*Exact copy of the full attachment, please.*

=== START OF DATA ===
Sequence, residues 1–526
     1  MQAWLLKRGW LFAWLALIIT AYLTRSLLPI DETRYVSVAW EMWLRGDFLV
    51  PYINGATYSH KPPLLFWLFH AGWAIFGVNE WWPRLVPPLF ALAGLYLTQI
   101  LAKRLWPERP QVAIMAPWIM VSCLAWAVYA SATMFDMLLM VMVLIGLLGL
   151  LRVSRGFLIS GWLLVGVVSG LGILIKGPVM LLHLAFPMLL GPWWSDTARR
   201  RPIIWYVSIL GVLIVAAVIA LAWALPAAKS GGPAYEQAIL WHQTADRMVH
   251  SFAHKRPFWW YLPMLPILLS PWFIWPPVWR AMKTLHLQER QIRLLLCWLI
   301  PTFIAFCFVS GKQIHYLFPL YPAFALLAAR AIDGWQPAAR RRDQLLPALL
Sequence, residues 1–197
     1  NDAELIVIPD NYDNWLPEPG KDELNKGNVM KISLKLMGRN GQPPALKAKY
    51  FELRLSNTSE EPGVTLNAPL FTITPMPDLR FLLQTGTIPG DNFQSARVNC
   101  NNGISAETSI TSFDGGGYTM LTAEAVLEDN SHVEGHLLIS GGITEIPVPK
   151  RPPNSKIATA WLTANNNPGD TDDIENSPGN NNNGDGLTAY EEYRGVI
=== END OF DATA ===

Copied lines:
Sequence, residues 1–526
     1  MQAWLLKRGW LFAWLALIIT AYLTRSLLPI DETRYVSVAW EMWLRGDFLV
    51  PYINGATYSH KPPLLFWLFH AGWAIFGVNE WWPRLVPPLF ALAGLYLTQI
   101  LAKRLWPERP QVAIMAPWIM VSCLAWAVYA SATMFDMLLM VMVLIGLLGL
   151  LRVSRGFLIS GWLLVGVVSG LGILIKGPVM LLHLAFPMLL GPWWSDTARR
   201  RPIIWYVSIL GVLIVAAVIA LAWALPAAKS GGPAYEQAIL WHQTADRMVH
   251  SFAHKRPFWW YLPMLPILLS PWFIWPPVWR AMKTLHLQER QIRLLLCWLI
   301  PTFIAFCFVS GKQIHYLFPL YPAFALLAAR AIDGWQPAAR RRDQLLPALL
Sequence, residues 1–197
     1  NDAELIVIPD NYDNWLPEPG KDELNKGNVM KISLKLMGRN GQPPALKAKY
    51  FELRLSNTSE EPGVTLNAPL FTITPMPDLR FLLQTGTIPG DNFQSARVNC
   101  NNGISAETSI TSFDGGGYTM LTAEAVLEDN SHVEGHLLIS GGITEIPVPK
   151  RPPNSKIATA WLTANNNPGD TDDIENSPGN NNNGDGLTAY EEYRGVI